If you’re trying to get your baby to sleep through the night, you might have come across the term dream feeding.
Dream feeding is the practice of feeding a baby while they’re in a dreamy state or semi-awake. Usually, parents wait for their newborn babies to signal that they’re ready to be fed. But when you dream feed your baby, you will be the one who will initiate the feeding.
Dream feeding can be beneficial for both baby and parents. Babies who dream feed tend to have longer stretches of sleep at night, which means parents get more rest too!
What Is a Dream Feed?
A dream feed is a late-night feeding that you give your baby shortly before you go to bed, usually two or three hours after you’ve put your baby to sleep.
It’s the parents that initiate dream feeds, not the young babies.
Dream feeding includes initiating feeding while the baby is sleeping or is semi-awake before the parent falls asleep. Giving your baby a late feeding may fill him up enough to allow him to sleep for a longer period of time overnight, allowing you to get more sleep and defeat sleep deprivation.
The concept is that if you dream feed your baby without fully awakening them before going to bed, they will be full enough to enjoy a longer stretch of uninterrupted sleep at night and/or till early morning, potentially avoiding waking up in the middle of the night or early hours of the morning.
Typically, parents would initiate a dream feed between 10 p.m. and midnight. Parents select the time of the dream feed based on when they go to bed and what appears to work best for their baby.
Do Dream Feeds Help Babies Sleep?
But does dream feeding work? Like everything, it depends! Usually dream feeding works and can help babies sleep, but not always.
For most babies over 4 months, the first part of the night is the deepest sleep of the night. As a result, it may be difficult to rouse your baby properly to feed whenever you want.
Some babies will wake up just enough to feed and sleep, while others may not wake up enough or wake up too much. They may be annoyed that you woke them up, especially if they aren’t hungry.
When dream feeds don’t work, they usually happen when your baby still wakes up two hours after feeding her before you turn in for the night. It could be worse if your baby doesn’t go back to sleep after waking up.
Dream feeds appear to be especially beneficial for babies under 6 months old, who may still require many night feedings.
Some babies may wake up more frequently after the first-night feeding, so the dream feed has the opposite effect intended and might be messing with your baby’s natural sleep cycles.
Of course, you can always give dream feed a try for a few nights and see if it works for you and your baby. If doing it leads to a more rested baby, continue doing it until it’s no longer needed.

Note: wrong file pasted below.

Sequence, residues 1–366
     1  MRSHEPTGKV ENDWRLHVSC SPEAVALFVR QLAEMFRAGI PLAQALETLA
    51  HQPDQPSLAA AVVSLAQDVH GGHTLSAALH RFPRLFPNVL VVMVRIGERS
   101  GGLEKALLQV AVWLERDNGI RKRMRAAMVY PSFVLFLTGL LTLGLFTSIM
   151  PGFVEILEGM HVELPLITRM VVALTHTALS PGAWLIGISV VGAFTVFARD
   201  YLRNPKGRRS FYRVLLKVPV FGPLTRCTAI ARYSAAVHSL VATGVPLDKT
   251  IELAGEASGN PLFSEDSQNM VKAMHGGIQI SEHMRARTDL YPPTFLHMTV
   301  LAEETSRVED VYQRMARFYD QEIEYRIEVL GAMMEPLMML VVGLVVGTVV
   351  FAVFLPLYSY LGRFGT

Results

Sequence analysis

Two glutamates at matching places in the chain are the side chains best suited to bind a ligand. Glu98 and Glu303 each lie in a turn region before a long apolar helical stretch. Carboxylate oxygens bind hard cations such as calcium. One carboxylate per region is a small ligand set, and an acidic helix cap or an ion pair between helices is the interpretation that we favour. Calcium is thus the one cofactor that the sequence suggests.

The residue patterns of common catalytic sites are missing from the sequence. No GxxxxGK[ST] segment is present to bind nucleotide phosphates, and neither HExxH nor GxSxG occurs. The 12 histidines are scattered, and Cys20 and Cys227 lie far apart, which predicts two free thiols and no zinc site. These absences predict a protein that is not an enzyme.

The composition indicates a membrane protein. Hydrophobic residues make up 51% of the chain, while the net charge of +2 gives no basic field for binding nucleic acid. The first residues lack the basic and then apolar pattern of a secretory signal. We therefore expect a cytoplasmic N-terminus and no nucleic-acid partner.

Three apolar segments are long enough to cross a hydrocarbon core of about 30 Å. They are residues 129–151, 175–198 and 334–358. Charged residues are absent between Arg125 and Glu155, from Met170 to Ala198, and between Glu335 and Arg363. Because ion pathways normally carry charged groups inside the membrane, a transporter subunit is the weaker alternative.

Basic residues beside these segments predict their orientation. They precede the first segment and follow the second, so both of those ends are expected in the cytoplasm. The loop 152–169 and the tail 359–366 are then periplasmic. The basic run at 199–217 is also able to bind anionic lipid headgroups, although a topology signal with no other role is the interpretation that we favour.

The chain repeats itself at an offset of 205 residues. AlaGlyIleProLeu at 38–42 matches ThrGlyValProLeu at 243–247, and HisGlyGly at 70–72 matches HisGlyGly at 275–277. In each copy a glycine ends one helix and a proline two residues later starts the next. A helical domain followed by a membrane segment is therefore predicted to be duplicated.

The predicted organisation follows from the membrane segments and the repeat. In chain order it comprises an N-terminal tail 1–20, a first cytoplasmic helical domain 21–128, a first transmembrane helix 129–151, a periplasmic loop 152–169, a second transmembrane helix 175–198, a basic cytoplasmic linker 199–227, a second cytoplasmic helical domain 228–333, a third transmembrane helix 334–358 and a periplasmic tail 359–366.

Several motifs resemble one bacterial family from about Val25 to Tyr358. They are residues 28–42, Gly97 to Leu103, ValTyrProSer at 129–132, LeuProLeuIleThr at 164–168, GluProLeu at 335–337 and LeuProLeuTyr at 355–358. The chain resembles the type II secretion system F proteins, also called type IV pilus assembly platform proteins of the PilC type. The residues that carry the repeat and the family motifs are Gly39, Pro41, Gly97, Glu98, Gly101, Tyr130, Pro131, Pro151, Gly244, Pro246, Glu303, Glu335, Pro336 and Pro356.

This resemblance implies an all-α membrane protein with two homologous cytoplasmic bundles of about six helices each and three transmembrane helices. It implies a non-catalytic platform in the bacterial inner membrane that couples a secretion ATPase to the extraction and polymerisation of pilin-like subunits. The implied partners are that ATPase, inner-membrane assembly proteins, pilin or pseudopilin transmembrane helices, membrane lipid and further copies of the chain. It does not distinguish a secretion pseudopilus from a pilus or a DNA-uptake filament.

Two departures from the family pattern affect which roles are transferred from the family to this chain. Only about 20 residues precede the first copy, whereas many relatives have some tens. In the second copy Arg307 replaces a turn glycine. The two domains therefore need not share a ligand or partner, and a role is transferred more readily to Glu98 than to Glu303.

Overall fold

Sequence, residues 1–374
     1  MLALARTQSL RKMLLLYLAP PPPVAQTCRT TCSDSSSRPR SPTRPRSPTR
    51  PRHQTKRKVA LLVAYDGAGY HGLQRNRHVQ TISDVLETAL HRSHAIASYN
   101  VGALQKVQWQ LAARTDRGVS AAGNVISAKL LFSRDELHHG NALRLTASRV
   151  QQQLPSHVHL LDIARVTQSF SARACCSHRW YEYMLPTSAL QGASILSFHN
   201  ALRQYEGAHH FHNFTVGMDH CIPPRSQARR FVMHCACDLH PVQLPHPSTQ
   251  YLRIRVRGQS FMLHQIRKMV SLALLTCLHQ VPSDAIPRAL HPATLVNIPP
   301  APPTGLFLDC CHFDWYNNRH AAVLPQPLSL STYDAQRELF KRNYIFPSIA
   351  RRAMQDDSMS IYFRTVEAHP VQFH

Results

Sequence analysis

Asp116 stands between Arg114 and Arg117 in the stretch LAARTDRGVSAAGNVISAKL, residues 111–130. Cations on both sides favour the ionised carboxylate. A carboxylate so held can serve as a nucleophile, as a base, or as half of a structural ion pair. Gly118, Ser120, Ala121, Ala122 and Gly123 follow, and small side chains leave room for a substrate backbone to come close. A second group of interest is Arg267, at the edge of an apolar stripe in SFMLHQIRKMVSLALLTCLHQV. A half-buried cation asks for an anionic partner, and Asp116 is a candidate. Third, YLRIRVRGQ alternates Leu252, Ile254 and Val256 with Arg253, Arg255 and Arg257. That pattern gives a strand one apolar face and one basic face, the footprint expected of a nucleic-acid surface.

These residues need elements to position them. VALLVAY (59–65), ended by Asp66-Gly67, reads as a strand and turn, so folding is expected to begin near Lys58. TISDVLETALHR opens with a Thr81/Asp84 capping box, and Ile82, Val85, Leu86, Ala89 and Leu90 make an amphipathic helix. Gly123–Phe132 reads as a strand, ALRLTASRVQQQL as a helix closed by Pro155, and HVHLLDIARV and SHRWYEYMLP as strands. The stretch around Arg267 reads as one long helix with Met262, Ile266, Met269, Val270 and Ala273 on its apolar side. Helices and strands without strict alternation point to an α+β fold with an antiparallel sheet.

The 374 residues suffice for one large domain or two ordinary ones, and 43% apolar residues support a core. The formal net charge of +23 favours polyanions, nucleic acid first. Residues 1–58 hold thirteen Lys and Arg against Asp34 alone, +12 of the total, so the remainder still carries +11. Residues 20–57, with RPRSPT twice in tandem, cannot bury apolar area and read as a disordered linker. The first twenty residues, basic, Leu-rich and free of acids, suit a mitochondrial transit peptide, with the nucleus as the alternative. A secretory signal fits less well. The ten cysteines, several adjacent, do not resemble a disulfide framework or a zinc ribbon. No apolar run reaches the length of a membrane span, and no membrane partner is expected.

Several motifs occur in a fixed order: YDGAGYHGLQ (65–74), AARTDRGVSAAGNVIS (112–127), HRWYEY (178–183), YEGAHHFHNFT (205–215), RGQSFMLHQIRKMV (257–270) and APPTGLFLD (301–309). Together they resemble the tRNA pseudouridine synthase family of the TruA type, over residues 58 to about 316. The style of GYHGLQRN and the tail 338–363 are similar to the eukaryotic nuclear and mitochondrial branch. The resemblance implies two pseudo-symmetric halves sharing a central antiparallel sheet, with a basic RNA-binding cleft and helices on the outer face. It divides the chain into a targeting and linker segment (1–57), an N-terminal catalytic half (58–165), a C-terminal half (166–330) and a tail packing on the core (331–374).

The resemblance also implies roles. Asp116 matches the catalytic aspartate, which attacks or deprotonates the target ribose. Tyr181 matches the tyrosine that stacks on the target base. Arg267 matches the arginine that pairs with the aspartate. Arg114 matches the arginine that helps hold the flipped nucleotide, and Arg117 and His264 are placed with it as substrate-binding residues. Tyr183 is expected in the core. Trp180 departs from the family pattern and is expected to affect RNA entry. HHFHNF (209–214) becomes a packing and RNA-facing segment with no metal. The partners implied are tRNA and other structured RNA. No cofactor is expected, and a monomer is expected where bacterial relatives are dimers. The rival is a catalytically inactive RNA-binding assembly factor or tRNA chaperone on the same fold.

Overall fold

Sample Dream Feeding Schedule
Here’s what your schedule would look like if you dream feed.
|6:30 PM||Your baby’s schedule for bedtime feeding and other bedtime routines.|
|7:00 PM||Your baby goes for his nighttime sleep with a full tummy.|
|10:00 PM||You dream feed or offer another full feeding to your baby. Usually, this will be the last feed of the day.|
|10:30 PM||You go to bed after filling up your baby’s tummy.|
|3:00 AM or 4:00 AM||Your baby wakes up for her usual night time feed.|
|3:30 AM or 4:30 AM||Your baby goes back to sleep.|
|7:00 AM||Your baby wakes up to start his day or goes back to sleep for another hour or two.|
What Are the Benefits of Dream Feeding?
Here are some of the benefits of a dream feed.
- Dream feeding is a way to line up your baby’s longest stretch of sleep with your first chunk of sleep. This can provide some benefits for both you and your little one.
- Dream feeding is a practice that ensures bottle-fed and breastfed babies get enough calories, without risking them developing sleep associations.
- When you dream feed and you’re a breastfeeding mom, it helps you maintain your breast milk supply, without the need for extra pumping sessions to have enough milk.
- A dream feed helps you anticipate the times of your baby’s night wakings thus eliminating any guesswork for night time feeds.
- When dream feeds work, they offer parents a couple more hours of sleep which is always beneficial.
What Are the Risks of Dream Feeding?
Dream feeding is when you feed the baby while she doesn’t fully wake. It can be done with breastmilk or formula.
There are some risks associated with dream feeding, including:
A Dream Feed Might Interrupt Your Baby’s Sleep.
Dream feeding can actually interrupt your baby’s sleep. If you are dream feeding, you are likely waking them up in order to do so. This can lead to more night wakings and less overall sleep for your baby.
It Is Not Safe to Dream Feed a Baby Who Is Completely Asleep.
It is not safe to dream feed a baby who is entirely asleep or lying down on their back. This is because they could choke on the milk or formula.